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Monday, August 10, 2020 | History

2 edition of Chemical dispersants for the control of oil spills found in the catalog.

Chemical dispersants for the control of oil spills

ASTM Symposium on Dispersants (1977 Williamsburg, Va.)

Chemical dispersants for the control of oil spills

a symposium

by ASTM Symposium on Dispersants (1977 Williamsburg, Va.)

  • 86 Want to read
  • 36 Currently reading

Published by The Society in Philadelphia, Pa .
Written in English

    Subjects:
  • Oil spills -- Cleanup -- Congresses.,
  • Dispersing agents -- Congresses.

  • Edition Notes

    Includes bibliographical references and index.

    Statementsponsored by ASTM Committee F-20 on Spill Control Systems American Society for Testing and Materials, Williamsburg, Va., 4-5 Oct. 1977 ; L. T. McCarthy, Jr., G. P. Lindblom, and H. F. Walter, editors.
    GenreCongresses.
    SeriesASTM special technical publication ; 659, ASTM special technical publication ;, 659.
    ContributionsMcCarthy, Leo T., Lindblom, G. P., Walter, H. F., ASTM Committee F-20 on Spill Control Systems.
    Classifications
    LC ClassificationsTD427.P4 A19 1977
    The Physical Object
    Pagination307 p. :
    Number of Pages307
    ID Numbers
    Open LibraryOL4744004M
    ISBN 100465900024
    LC Control Number78058199

    DISPERSANTS AND THEIR ROLE IN OIL SPILL RESPONSE 4 It is common knowledge that oil and water do not mix easily. Spilled oil floats on the sea surface in calm conditions. The mixing action of the waves can cause oil and water to combine in two ways: Natural dispersion: Waves will break up the oil slick and form oil droplets. EPA’s proposal would revise its existing regulation on the use of dispersants and other chemical and biological agents on oil spills in U.S. waters.

    The chemical dispersants do not themselves destroy oil. They vary considerably in toxicity, effectiveness and ability to stabilize the oil after extended periods of time. Technology for proper application of dispersants over large oil slicks with necessary mixing is currently lacking. Dispersed oil, a study found, causes cardiac problems in tuna. 1 To certain plankton species, a Corexit–oil mix is 52 times more toxic than either substance on its own, another study concluded. 2 Dispersants could even cause harmful algal blooms – toxic red tides – by killing off the organisms that feed on the algae. 3 Other.

      Oil spills are a significant source of hydrocarbon inputs into the ocean. In response to oil spills, chemical dispersants are applied to the oil-contaminated seawater to disperse surface slicks into smaller droplets that are presumed to be more bioavailable to microorganisms. We provide evidence that chemical dispersants applied to either deep water or surface water from Cited by: Dispersants may be used on the beach only after the gross pollution has been removed, care taken to prevent the penetration of dispersants into beach material and marine life protected against prolonged exposure to dispersants. Chemical dispersants are effective only if applied immediately after the spill, as most crude oil at sea rapidly.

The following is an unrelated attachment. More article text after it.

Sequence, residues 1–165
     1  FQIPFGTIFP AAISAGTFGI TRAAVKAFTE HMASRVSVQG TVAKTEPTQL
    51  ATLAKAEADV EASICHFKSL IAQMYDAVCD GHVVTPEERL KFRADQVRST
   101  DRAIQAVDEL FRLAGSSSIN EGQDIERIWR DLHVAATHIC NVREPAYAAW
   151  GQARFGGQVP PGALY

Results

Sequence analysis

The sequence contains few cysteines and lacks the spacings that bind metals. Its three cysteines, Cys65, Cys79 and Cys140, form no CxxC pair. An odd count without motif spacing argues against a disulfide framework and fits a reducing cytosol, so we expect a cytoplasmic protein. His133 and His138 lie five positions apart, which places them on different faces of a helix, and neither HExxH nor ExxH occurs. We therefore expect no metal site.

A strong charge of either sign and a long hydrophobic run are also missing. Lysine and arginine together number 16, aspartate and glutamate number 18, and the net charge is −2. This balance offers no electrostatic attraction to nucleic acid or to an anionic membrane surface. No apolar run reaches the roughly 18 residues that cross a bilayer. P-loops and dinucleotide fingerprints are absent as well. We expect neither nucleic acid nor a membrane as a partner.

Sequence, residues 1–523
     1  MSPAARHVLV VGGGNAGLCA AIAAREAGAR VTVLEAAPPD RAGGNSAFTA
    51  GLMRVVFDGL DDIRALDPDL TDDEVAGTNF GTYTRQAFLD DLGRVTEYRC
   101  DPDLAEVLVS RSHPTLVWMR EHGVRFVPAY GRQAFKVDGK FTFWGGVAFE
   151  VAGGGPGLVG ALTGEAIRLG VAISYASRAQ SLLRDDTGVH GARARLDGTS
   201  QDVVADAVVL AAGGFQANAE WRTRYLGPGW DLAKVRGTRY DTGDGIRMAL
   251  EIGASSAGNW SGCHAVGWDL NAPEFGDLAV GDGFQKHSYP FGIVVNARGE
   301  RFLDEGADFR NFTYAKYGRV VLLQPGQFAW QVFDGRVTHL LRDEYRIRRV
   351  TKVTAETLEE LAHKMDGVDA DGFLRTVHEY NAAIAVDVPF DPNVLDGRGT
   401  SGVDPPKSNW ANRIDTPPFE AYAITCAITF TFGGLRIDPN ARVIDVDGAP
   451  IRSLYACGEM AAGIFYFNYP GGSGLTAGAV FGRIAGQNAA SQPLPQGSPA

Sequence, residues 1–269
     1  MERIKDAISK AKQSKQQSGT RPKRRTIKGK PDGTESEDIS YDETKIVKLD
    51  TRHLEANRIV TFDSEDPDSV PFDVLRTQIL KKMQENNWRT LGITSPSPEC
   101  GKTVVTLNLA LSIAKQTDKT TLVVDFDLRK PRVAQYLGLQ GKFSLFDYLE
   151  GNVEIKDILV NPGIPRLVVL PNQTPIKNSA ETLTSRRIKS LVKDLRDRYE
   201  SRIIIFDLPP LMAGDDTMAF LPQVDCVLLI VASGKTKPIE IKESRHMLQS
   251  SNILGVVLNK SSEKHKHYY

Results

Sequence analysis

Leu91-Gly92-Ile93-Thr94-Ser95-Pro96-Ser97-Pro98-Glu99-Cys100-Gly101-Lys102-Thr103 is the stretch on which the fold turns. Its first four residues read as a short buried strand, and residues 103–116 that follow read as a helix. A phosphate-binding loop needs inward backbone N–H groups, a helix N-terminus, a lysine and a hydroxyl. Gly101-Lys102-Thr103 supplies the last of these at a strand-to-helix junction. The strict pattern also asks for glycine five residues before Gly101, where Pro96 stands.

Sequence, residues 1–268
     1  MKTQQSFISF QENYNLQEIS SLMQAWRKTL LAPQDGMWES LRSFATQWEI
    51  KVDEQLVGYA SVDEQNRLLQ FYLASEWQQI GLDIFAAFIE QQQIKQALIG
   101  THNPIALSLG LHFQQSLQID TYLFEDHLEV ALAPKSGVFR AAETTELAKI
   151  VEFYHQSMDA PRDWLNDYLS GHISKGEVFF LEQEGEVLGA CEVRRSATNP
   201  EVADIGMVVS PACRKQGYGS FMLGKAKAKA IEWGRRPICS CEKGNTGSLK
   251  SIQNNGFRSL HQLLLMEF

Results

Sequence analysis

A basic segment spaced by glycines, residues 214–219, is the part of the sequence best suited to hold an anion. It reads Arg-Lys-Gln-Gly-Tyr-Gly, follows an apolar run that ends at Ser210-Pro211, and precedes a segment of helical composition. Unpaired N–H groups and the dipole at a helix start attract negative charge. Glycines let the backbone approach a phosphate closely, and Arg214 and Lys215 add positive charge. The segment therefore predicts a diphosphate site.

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Chemical dispersants for the control of oil spills by ASTM Symposium on Dispersants (1977 Williamsburg, Va.) Download PDF EPUB FB2

Chemical dispersants for the control of oil spills: a symposium Leo T. McCarthy, G. Lindblom, H. Walter, ASTM Committee F on Spill Control Systems Snippet view - Common terms and phrases4/5(1).

The book considers how chemical dispersants work for oil spills, the properties and chemistry of oils (including weathering state), the variables that affect dispersant performance, and the relationships between laboratory methods and field situations.

Book: Oil spill chemical dispersants: Research, experience, and recommendations Title: Oil spill chemical dispersants: Research, experience, and recommendations Full Record.

Chemical dispersants for the control of oil spills. Philadelphia, Pa.: The Society, © (OCoLC) Material Type: Conference publication: Document Type: Book: All Authors / Contributors: Leo T McCarthy; G P Lindblom; H F Walter; ASTM.

CHEMICAL DISPERSANTS AND THEIR ROLE IN OIL SPILL RESPONSE. Larissa J. Graham, Christine Hale, Emily Maung-Douglass, Stephen Sempier, LaDon Swann, and Monica Wilson. Nearly two million gallons of dispersants were used at the water’s surface and a mile below the surface to combat oil during the.

Deepwater Horizon oil spill. Although called for in the Oil Pollution Act of as a tool for minimizing the impact of oil spills, the use of chemical dispersants has long been controversial. This book reviews the adequacy of existing information and ongoing research regarding the effectiveness of dispersants as an oil spill response technique, as well as the effect of Manufacturer: National Academies Press.